Trump tried to repeal Obamacare with an executive order.  Against huge international opposition he unilaterally withdrew from the climate accord and Iran nuclear deal, and upset the peace process in Palestine by recognising Jerusalem as Israel's capital and supporting Israel's violent assault on the Palestinians. He browbeat EU allies into significantly raising their defence budget by January 2019, a feat that had eluded the previous presidents. Putin might very well suspect that Trump's apparent tilt to Russia is a scare tactic to extract concessions from an EU illogically fearful of Russia.

It is now becoming clear that the antics of Trump are an attempt to create a new world order by breaking up or at least weakening the global institutions such as trade compacts, EU and even some UN organisations. This would enable USA to dictate its transaction terms without being constrained by any overarching international laws and practices. Whether and to what extent he will succeed remains to be seen; but the facts are that the US economy is doing well and his voter base is strongly supportive of him. He needs only maintain this voter enthusiasm till November 2020 (or at most 2022) to serve his purpose. What happens when the sunami of backlash, if any, hits the US shores does not seem to be his concern.

Trump's refusal to categorically express his confidence in the US intelligence community in respect of their report on Russian meddling in 2016 US election became another issue for virulent criticism. Such a demand would be risible in a developing country; no one except a small coterie of people in the government would unreservedly put their confidence in whatever their intelligence or law enforcing agencies aver or allege. Is USA so different? At the turn of the millennium the US intelligence agencies had advised the then US president, the UN Security Council as well as the rest of the world that Saddam's Iraq possessed weapons of mass destruction. This piece of motivated and fake information led to the approval by President Bush of the murderous military campaign against Iraq that led to the killing of hundreds of thousands of Iraqis. USA spent two trillion dollars for the campaign and 4500 US soldiers lost their lives. The demons let loose by the war are still killing tens of thousands of people in Iraq and neighbouring countries. Several decades earlier the lives of thousands of innocent Americans were destroyed by McCarthyism on account of fake or false intelligence reports. Would the then presidents have done disservice to the nation had they not trusted those reports?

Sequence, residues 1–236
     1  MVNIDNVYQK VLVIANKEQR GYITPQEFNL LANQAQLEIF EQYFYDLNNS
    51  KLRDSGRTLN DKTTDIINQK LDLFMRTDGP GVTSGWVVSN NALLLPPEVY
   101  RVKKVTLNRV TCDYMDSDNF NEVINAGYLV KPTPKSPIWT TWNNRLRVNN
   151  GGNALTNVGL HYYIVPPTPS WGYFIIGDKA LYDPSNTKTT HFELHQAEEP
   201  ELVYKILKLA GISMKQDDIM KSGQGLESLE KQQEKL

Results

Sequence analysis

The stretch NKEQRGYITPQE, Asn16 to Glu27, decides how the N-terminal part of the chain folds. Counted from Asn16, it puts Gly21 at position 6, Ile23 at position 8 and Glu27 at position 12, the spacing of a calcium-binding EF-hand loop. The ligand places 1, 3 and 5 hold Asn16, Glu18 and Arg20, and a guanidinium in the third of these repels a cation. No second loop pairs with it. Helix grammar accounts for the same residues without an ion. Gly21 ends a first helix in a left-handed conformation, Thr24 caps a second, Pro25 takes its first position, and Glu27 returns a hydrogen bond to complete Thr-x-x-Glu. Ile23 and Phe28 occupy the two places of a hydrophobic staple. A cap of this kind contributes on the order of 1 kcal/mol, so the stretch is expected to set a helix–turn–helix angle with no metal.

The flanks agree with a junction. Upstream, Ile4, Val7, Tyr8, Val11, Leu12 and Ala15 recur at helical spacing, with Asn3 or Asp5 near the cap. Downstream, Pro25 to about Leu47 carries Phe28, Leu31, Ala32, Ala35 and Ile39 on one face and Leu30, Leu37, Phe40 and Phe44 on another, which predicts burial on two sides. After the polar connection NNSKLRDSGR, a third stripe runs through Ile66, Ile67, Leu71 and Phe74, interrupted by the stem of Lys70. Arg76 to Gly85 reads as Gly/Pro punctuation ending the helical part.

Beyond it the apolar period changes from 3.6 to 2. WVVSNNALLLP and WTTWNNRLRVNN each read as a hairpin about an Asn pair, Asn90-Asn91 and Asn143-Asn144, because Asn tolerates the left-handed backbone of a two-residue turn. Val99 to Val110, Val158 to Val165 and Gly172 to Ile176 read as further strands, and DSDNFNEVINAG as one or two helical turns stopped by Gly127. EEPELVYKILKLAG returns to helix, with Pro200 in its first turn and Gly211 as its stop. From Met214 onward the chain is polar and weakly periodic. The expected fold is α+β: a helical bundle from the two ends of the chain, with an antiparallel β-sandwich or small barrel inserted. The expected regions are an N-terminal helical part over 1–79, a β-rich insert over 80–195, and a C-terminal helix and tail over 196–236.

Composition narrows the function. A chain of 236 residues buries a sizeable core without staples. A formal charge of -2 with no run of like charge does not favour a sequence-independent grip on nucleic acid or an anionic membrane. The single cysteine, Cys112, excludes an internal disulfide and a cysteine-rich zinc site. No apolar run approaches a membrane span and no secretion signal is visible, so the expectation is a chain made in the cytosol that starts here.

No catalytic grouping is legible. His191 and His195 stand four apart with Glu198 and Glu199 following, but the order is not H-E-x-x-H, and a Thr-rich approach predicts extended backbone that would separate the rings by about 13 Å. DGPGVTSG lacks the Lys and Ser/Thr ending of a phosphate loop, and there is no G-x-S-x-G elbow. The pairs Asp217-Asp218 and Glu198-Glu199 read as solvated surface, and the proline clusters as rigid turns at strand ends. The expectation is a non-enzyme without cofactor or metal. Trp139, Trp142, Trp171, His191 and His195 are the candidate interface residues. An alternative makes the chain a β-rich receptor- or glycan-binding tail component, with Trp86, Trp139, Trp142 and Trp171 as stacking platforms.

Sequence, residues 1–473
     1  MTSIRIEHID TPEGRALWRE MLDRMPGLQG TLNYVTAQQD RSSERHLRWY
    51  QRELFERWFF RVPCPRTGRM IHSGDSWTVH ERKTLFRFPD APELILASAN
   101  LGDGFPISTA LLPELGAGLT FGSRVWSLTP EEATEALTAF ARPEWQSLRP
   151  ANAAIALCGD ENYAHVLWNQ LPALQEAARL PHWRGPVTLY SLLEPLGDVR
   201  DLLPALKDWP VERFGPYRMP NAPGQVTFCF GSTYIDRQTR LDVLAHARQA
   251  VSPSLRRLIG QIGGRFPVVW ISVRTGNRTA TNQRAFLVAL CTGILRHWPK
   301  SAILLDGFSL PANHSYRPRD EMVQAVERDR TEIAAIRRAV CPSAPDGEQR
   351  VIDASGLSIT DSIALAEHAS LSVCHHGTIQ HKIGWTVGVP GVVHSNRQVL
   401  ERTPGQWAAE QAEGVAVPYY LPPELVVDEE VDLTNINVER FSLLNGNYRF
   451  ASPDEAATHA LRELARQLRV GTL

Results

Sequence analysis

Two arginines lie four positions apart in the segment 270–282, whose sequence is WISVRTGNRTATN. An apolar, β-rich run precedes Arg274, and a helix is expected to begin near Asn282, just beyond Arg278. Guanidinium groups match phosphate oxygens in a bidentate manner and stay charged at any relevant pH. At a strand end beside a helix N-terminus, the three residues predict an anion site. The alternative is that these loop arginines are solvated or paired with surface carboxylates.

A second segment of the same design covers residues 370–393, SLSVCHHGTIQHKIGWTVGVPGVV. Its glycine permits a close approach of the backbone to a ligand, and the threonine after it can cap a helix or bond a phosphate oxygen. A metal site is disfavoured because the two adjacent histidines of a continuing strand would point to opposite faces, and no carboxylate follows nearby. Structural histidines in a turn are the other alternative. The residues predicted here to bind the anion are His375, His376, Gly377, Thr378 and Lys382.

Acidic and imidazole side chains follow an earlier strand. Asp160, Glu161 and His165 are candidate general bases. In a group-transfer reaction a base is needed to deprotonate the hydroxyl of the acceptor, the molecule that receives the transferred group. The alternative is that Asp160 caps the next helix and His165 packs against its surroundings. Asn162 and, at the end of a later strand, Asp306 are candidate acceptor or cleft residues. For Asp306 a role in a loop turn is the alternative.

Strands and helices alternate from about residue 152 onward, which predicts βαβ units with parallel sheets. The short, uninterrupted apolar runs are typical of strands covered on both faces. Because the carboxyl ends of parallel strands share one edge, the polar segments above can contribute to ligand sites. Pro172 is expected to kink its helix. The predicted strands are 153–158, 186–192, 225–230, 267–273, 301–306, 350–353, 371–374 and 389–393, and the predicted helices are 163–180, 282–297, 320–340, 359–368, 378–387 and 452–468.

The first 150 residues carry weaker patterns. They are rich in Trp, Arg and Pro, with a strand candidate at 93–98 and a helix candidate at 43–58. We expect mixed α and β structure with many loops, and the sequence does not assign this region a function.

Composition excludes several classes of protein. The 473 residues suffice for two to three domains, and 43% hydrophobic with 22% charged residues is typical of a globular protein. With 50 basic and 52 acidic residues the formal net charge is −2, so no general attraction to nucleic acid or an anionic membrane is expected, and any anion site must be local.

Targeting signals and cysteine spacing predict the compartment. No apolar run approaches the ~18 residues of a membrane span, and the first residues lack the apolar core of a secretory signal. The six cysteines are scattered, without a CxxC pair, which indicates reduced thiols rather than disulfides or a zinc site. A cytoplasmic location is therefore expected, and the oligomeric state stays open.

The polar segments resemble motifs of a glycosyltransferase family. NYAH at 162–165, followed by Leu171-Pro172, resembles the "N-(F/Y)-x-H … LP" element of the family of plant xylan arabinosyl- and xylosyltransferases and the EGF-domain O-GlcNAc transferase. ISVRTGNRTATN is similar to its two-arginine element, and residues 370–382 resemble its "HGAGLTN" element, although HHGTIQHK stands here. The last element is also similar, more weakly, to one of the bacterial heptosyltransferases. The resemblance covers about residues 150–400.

The Trump case may involve more than the argument above. According to US press stories, it is likely that Trump could be subjected in future to the judicial processes or even impeachment for his contacts with Russia (and other alleged malfeasance). Since the contents of the intelligence report were not made public, it is not known what it contained. But the President is privy to the information, and if he has reasons to suspect that some information in it could be used against him, doesn't the US constitution give him the right not to incriminate himself by declaring his full confidence in the report? If every American citizen has a right to challenge any intelligence or law enforcement agency's allegations against him, doesn't a president have the same right? Does the possibility that US national interest could be at stake obliterate that right?

It is understandable that a fair section of the US public is greatly disappointed by the behaviour of their president. Admittedly he is no angel and his utterances about virtually all the minorities except the Jews are plain racist and reprehensible. The possible consequences of his strong-arm tactics and policies on trade, migration and security issues have disappointed many Americans and virtually all non-Americans. It is the solemn duty of the media workers to air their views and concerns on such issues. However, this should not blind them to the extent that they black out or understate the contra views, however unpleasant, if these are held by a substantial section of the Americans or have merit. The thin line between news and propaganda could be blurred and the credibility of the mainstream media could decline.

M A Taslim is Economics researcher and columnist.

Views expressed in the

article are of the writer's own.